On Tuesday we painted the tables white which took forever because the sun kept hiding. The weather has been kind of crazy. It’s supposed to be the dry season but it’s been kind of drizzly and very cold. It’s not a Boston winter but I’ve still been wearing two fleeces to dinner.

On Wednesday we stenciled in the words for each of the businesses and prepared them to be painted. We had set up a table outside in the shade for the stenciling operation and it was really zen sitting there, methodically plodding across each table and penciling in the letters. I almost felt like doing some yoga.

… …

When Daniel visited MIT in March he had a burrito from Anna’s in our student center and he loved it! He kept telling everybody back at MobilityCare about burritos and asking me if we could make them. Jake is a much bigger burrito eater than I am so we decided to make Wednesday “burrito” day for lunch. We went all over town getting avocados, rice, beans—the only thing we couldn’t find were tortillas so we used chapati which is a round, flat bread they eat here that is similar but thicker and sweeter.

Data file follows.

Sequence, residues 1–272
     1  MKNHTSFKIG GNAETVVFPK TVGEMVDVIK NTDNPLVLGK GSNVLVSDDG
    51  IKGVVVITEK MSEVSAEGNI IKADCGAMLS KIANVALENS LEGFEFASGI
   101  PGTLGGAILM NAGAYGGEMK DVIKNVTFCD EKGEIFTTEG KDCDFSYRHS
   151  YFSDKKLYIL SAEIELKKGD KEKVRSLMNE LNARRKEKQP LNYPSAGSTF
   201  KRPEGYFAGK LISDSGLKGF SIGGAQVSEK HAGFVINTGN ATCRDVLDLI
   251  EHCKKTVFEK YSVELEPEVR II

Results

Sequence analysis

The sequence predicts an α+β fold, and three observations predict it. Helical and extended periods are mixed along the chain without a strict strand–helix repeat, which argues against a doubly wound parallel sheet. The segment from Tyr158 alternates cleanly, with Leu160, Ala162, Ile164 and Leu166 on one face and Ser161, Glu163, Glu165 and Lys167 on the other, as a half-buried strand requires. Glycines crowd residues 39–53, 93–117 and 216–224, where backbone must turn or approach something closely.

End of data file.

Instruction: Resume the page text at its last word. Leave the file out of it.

We set everything up outside and showed everybody how to fill their burritos. The only problem was that we all put way too much inside and then it was impossible to roll them shut! But they were really delicious and everybody seemed to enjoy the afternoon. I wonder what else I could cook for them… any suggestions?

Tuesday, June 17, 2008

Another weekend in TZ

June 14-15

I spent Saturday in Moshi. In the morning I went to KCMC and we finished making the frames for the 3 wheelchairs there. I also sharpened my kitchen knife so now I’ll actually be able to slice my cucumbers and pineapples easily.